By Samuel Beckett; Directed by Andrei Belgrader
Produced by the Theatre @ Boston Court
Off Off Broadway, Play Revival
Runs through 7.18.15
The Flea, 41 White Street
by Regina Robbins on 6.29.15
Tony Shalhoub and Brooke Adams in Happy Days. Photo by Joan Marcus.
BOTTOM LINE: A major work by Beckett, elegantly presented and very well acted.
The last time (which was also the first time) I saw Brooke Adams and Tony Shalhoub together on a New York stage was about 25 years ago, when they played opposite one another in the original Broadway production of The Heidi Chronicles. Shalhoub has gone on to greater fame than Adams, notably for his Emmy-winning role in the TV series Monk. But back in the day, Adams played the lead with Shalhoub in the supporting role. That’s the case once more in a very different show, Samuel Beckett's Happy Days, currently playing at the Flea in TriBeCa. We get a lot of her and just enough of him, to powerful effect. (Surprise!—they’ve been married since the early ‘90s.)
Playwright Beckett upped the ante on angst with Happy Days, first produced in 1961, eight years after his most famous work, Waiting for Godot. Like its predecessor, Happy Days is an absurdist piece, set in a bleak landscape from which escape seems impossible. Adams plays Winnie, a cheerful woman who is apparently stuck in a sand dune from the ribcage down. Shalhoub is Willie, her husband, who is not stuck but seems to suffer from an extreme case of fatigue and/or compromised mobility. Under a hot sun with no water or shade in sight, these two muddle through the day, doing what they can: Winnie brushes her teeth, puts on lipstick, talks and reminisces, while Willie reads a very old newspaper and looks at dirty pictures. For whatever reason, they’re trapped, and we in the audience are trapped with them.
Watching this is not easy. As Winnie rifles through her handbag and tries to stay positive, we can’t help putting ourselves in her place and imagining what we would do in such a hopeless—if insane—situation. The urge to flee is strong. However, we stay to watch Adams tackle one of the most challenging roles in the modern theatre, guided by veteran director Andrei Belgrader. Naturally, she never leaves the stage and only has use of her upper body. I remember thinking she was a fantastic actress when first I saw her on stage so many years ago; I am gratified to realize I was right.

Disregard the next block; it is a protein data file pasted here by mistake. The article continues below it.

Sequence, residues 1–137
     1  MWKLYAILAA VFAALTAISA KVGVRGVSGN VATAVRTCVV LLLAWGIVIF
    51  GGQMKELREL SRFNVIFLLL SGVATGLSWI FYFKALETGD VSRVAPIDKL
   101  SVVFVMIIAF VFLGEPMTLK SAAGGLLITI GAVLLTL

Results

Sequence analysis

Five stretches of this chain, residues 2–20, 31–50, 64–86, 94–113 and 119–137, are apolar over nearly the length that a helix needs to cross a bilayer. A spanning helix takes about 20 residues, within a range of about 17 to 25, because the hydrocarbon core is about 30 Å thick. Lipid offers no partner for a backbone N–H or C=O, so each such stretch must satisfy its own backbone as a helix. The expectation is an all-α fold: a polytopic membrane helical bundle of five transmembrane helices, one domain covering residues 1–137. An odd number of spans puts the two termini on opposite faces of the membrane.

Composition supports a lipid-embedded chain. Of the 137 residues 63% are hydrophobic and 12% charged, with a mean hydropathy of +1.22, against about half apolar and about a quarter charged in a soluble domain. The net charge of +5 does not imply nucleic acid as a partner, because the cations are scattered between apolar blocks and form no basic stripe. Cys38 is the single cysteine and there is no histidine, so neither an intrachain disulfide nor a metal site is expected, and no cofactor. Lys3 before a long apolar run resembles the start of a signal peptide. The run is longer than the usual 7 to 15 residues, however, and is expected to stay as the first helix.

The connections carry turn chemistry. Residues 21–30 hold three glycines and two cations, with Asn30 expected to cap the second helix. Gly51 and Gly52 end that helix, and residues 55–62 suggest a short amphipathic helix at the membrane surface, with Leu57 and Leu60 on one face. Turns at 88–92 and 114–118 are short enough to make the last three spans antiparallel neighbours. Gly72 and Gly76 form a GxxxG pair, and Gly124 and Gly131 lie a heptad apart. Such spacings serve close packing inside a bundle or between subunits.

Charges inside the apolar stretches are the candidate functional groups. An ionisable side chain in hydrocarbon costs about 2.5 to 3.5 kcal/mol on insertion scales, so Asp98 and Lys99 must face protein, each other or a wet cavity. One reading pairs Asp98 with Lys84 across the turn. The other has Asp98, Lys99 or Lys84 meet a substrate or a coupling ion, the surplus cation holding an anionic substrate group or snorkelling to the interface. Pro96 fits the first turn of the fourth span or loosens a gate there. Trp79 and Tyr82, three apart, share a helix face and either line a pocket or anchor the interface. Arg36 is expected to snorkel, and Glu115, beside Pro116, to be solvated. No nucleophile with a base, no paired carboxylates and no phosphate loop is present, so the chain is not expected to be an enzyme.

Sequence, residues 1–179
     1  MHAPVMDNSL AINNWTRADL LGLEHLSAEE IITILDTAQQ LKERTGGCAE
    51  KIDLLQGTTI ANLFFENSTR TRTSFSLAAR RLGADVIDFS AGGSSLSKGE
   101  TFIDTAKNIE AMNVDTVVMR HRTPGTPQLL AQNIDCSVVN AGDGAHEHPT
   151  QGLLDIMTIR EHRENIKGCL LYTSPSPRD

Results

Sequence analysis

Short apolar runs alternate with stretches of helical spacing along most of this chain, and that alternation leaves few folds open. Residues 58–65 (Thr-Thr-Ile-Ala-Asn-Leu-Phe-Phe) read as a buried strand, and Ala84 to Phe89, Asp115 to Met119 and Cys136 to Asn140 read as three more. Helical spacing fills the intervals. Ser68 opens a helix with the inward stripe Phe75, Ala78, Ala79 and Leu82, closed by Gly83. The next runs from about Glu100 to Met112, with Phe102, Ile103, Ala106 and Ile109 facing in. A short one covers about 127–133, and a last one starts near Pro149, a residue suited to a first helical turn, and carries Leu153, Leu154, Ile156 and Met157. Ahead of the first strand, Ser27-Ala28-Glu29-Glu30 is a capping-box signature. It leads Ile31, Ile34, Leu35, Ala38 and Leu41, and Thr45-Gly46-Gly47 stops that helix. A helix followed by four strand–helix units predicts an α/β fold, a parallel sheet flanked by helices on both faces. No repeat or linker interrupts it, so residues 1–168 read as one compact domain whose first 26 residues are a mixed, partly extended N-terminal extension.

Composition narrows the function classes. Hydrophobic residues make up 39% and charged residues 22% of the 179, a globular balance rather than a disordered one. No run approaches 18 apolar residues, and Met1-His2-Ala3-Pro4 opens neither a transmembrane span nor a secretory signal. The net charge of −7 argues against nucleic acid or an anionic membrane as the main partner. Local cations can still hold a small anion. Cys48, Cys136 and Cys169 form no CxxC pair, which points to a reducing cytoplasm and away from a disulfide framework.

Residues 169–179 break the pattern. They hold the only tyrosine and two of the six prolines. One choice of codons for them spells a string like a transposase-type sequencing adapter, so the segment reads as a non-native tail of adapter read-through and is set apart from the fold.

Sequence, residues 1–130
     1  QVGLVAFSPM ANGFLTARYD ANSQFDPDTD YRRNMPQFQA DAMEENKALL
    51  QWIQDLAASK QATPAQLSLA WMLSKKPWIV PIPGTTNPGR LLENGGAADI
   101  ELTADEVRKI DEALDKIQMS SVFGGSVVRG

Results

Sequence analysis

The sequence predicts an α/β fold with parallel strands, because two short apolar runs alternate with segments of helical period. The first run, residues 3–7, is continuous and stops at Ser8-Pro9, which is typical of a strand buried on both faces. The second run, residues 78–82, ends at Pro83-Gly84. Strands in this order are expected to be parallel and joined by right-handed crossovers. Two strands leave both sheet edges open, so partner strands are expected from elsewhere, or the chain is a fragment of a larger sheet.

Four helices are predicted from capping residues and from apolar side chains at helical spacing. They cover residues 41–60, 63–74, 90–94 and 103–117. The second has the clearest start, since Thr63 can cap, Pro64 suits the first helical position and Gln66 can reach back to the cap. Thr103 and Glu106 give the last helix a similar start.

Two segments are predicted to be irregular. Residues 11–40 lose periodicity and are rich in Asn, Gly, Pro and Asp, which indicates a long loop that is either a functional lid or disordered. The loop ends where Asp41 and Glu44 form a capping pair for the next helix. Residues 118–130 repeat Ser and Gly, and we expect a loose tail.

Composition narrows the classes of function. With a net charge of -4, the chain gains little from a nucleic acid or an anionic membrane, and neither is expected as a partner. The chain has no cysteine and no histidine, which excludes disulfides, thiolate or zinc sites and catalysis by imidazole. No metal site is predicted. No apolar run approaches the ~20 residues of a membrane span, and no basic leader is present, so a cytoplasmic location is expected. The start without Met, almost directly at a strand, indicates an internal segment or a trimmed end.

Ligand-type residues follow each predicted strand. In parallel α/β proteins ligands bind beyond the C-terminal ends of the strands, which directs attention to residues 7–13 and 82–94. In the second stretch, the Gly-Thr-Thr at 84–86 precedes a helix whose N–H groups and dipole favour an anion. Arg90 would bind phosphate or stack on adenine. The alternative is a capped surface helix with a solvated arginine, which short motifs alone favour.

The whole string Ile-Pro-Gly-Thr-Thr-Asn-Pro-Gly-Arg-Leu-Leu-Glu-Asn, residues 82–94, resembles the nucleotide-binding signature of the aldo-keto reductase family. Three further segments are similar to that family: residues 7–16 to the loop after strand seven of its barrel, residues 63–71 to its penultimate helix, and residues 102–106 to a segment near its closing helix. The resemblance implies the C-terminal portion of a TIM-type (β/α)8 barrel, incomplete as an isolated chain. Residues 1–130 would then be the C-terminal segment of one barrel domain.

While Adams is front and center for the entire play, Shalhoub is absent from the stage for long stretches of time; when he does appear, we frequently find ourselves looking at the back of his head. (He is also barely recognizable.) But he makes every line, grunt, and gesture count. That said, this piece succeeds or fails on the strength of the actress playing Winnie, and Adams is very strong indeed. Suggesting what Marilyn Monroe might have looked like had she lived into her sixties, with a smile so wide her face sometimes seems unable to contain it, she keeps us in our seats for the duration of this grim journey.
Having previously run in Boston and Los Angeles, this production of Happy Days is a welcome transplant to New York. Whether you sit back and revel in its weirdness or lean in and attempt to unravel its many mysteries, it’s an experience you’ll be hard pressed to shake off. That’s due in no small part to the splendid Adams and her co-star—on stage and in life.
(Happy Days plays at the Flea, 41 White Street, through July 18, 2015. Performances are Mondays through Fridays at 7 and Saturdays at 3. Tickets are $15-$70 and are available at theflea.org or by calling 212.352.3101.)